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Global Catastrophic Risks Conference - Speakers Biographies

Professor Fred Adams, Department of Physics, University of Michigan

Born in Redwood City, California, Fred Adams received his undergraduate training in Mathematics and Physics from Iowa State University in 1983 and his PhD in Physics from the University of California, Berkeley, in 1988. For his PhD dissertation research, he received the Robert J. Trumpler Award from the Astronomical Society of the Pacific. After serving as a postdoctoral research fellow at the Harvard-Smithsonian Center for Astrophysics, he joined the faculty in the Physics Department at the University of Michigan in 1991. Adams was promoted to Associate Professor with tenure in 1996, and to Full Professor in 2001. He is the recipient of the Helen B. Warner Prize from the American Astronomical Society and the National Science Foundation Young Investigator Award. He has been awarded both the Excellence in Education Award and the Excellence in Research Award from the College of Literature, Arts, and Sciences at the University of Michigan. In 2002, he was given The Faculty Recognition Award from the University of Michigan, and, in 2007, he was elected to The Michigan Society of Fellows.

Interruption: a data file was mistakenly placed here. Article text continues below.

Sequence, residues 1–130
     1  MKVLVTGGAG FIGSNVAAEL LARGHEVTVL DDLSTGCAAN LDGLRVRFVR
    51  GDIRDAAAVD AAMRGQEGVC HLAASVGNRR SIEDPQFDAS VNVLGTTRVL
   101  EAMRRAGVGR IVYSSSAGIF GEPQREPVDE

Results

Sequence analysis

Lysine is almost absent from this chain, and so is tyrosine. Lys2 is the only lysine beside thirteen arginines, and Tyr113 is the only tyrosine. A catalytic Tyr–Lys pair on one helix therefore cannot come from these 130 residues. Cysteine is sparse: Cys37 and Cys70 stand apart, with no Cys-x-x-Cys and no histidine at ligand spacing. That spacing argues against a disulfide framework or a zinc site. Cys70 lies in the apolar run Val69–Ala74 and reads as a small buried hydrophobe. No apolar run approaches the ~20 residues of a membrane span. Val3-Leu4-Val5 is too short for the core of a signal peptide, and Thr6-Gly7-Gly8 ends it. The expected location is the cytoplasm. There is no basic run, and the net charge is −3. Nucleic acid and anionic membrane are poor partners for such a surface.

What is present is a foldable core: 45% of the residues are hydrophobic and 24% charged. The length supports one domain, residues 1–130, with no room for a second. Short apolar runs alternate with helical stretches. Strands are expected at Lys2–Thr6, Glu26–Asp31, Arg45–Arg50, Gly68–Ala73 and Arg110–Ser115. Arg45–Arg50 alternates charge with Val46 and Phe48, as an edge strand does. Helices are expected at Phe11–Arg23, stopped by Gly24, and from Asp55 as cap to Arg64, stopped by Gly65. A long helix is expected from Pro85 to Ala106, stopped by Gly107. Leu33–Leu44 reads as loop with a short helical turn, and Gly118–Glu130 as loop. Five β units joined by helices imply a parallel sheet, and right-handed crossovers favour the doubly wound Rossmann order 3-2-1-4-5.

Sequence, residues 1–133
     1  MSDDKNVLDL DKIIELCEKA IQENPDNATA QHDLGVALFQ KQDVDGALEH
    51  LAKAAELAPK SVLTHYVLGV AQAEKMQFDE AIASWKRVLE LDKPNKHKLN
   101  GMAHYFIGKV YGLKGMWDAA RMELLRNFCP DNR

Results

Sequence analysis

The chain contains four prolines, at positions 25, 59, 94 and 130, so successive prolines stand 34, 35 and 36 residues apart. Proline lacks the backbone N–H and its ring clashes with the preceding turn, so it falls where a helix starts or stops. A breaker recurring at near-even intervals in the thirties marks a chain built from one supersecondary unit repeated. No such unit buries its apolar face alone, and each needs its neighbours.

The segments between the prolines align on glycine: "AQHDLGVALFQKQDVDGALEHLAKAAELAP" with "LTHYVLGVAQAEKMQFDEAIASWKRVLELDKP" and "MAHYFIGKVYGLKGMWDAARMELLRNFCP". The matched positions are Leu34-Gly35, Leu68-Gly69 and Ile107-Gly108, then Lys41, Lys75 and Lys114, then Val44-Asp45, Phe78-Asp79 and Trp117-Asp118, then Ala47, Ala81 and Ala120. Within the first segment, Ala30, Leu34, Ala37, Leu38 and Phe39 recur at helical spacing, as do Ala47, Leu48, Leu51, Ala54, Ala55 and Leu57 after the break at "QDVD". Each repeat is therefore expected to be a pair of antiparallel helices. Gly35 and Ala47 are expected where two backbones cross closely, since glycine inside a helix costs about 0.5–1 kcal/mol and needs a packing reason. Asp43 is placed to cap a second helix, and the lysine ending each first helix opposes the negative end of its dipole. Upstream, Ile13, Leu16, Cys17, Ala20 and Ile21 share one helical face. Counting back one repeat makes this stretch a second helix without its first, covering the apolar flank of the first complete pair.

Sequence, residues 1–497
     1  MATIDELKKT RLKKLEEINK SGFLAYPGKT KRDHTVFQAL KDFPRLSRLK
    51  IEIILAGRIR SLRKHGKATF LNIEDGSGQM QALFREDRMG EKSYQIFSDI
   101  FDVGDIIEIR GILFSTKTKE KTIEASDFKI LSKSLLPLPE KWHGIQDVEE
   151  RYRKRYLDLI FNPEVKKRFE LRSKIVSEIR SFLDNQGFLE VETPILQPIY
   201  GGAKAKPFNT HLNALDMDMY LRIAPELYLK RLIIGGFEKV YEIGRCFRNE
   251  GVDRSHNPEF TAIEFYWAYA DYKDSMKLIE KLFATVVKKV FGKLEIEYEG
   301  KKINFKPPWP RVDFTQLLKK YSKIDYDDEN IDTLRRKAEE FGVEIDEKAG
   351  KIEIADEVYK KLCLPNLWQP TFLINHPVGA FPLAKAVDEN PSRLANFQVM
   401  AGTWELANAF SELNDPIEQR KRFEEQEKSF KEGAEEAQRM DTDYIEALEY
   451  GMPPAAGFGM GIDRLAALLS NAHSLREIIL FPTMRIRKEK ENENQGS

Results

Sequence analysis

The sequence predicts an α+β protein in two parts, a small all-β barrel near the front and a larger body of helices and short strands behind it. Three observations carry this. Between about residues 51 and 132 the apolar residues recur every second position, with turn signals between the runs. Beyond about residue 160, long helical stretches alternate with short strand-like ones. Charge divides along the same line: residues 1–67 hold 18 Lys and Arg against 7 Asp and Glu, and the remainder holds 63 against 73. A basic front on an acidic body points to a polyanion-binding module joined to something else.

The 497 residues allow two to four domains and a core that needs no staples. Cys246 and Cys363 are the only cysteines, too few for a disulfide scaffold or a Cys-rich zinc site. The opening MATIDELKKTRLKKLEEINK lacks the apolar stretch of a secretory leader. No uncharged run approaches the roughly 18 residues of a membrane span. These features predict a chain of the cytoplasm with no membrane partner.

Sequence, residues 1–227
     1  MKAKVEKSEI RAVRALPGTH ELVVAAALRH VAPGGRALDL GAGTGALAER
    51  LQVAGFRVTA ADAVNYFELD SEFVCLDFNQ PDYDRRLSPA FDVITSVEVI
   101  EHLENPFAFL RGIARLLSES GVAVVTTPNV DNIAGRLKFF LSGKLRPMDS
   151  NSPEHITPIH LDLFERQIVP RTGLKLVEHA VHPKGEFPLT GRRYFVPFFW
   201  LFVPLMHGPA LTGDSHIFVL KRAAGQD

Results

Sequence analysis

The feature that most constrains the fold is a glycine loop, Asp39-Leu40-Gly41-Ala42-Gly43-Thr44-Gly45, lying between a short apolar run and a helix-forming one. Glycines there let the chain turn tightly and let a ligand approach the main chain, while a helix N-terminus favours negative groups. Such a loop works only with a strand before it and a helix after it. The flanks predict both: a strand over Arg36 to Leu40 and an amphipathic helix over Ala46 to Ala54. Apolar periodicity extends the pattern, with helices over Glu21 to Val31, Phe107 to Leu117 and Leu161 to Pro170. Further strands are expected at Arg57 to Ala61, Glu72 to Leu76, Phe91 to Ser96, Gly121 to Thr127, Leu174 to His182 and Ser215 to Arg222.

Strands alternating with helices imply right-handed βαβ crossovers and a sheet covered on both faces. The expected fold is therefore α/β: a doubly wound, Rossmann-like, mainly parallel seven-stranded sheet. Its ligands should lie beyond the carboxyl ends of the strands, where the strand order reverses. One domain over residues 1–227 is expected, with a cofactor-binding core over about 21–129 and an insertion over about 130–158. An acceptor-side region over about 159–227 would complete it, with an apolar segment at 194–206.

Professor Adams works in the general area of theoretical astrophysics with a focus on star formation and cosmology. He is internationally recognized for his work on the radiative signature of the star formation process, the dynamics of circumstellar disks, and the initial mass function for stars. His recent research in this area includes studying the effects of cluster environments on the star formation process and studies of extra-solar planetary systems. In cosmology, he has worked on the inflationary universe, cosmological phase transitions, magnetic monopoles, cosmic rays, the structure of dark matter halos, and the cosmic background radiation fields. His work in cosmology also includes a continuing study of the long term fate and evolution of the universe and its constituent astrophysical objects